Director Ryoo Seung-wan was in Cambridge as part of the London Korean Film Festival, which was showing a retrospective of his work. He took some time to speak to Take One about his past and future projects.
It is quite amazing, the level of abuse a man will receive for openly stating that he will be attending a TWILIGHT marathon – or “Twiathlon”. In fact, unless the next words out of your mouth are “I’m writing a review” you might as well leave any male – and quite a few female – friendships behind.
The Cambridge Film Festival’s in-house film collective PROJECT TRIDENT have released a new film to promote Movember.
2010 marked the London Korean Film Festival’s fifth anniversary with their biggest events to date but 2011 sees the start of a new era for the festival where they are striving to bring even more of the best of Korean cinema, past and present, to the UK shores.
The Cambridge African Film Festival drew to a close last week, summing up the extraordinary work pouring out of Africa with a set of shorts from various countries on the continent (see www.cambridgeafricanfilmfestival.org.uk for more information). The last of these was MWANSA THE GREAT – a wonderfully crowd-pleasing adventure into the heart and mind of … Continue reading The closing of CAFF, Mwansa The Great and interview with director Rungano Nyoni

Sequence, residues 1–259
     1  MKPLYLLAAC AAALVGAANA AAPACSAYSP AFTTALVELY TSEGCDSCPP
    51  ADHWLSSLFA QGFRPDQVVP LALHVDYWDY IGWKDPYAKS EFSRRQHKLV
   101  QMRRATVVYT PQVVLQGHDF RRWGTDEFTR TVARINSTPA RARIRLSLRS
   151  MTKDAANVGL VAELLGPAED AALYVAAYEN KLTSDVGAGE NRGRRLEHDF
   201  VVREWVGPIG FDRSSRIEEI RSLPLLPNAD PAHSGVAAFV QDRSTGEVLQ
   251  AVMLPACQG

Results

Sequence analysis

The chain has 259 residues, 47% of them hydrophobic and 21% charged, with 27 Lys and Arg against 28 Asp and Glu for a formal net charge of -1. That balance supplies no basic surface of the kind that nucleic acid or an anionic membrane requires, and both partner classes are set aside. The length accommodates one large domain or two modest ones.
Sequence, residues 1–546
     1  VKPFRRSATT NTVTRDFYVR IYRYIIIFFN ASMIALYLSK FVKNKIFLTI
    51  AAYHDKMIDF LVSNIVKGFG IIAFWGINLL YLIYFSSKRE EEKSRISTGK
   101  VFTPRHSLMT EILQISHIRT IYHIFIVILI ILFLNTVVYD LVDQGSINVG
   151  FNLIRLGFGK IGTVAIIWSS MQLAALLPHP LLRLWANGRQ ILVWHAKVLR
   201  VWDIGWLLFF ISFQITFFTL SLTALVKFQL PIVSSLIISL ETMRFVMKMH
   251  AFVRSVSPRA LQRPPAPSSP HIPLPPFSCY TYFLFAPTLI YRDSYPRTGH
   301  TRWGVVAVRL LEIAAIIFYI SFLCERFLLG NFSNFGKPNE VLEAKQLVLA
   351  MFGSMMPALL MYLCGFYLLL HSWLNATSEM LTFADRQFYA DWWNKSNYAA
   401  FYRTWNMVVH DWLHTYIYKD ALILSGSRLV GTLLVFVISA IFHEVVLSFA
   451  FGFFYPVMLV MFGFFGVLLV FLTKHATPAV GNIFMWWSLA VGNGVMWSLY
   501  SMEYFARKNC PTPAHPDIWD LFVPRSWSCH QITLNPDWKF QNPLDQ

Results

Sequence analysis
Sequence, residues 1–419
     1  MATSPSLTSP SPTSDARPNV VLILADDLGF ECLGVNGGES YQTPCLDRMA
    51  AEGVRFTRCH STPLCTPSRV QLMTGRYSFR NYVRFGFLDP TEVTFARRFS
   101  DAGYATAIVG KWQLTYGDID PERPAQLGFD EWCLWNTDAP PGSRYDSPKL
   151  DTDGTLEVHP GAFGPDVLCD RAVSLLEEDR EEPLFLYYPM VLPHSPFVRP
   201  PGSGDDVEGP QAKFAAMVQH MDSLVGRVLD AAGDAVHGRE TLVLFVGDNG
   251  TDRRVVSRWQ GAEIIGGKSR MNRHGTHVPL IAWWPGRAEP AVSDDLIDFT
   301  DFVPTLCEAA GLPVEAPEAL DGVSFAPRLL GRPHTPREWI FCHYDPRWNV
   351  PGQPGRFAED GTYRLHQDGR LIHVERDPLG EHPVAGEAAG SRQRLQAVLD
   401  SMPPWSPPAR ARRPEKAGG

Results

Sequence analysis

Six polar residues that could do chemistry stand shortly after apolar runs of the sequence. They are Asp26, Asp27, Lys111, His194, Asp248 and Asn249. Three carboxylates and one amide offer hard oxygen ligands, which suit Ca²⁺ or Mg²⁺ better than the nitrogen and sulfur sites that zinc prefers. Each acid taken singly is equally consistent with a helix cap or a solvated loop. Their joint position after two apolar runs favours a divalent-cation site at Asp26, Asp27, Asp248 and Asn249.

Rosy Hunt attended DREAMS OF ELBIDI, a unique fusion of community theatre and traditional cinema. It offers not only a dramatisation of Kenyan ghetto life, but a way to entertain its African audience while educating them about HIV and AIDS. Also featured: transcript from the Q&A with Kamau wa Ndung’u.
Jen Williams compares the Pixar hero WALL-E to his predecessors Huey, Dewie and Louie.
David Perilli in conversation with the original CFF programmer David Jakes.
Rosy Hunt spoke to Simon Rumley and Bob Portal about THE LIVING AND THE DEAD and RED, WHITE AND BLUE
Lucy Hughes looks at the work of the charismatic and gregarious documentary pioneer Robert Flaherty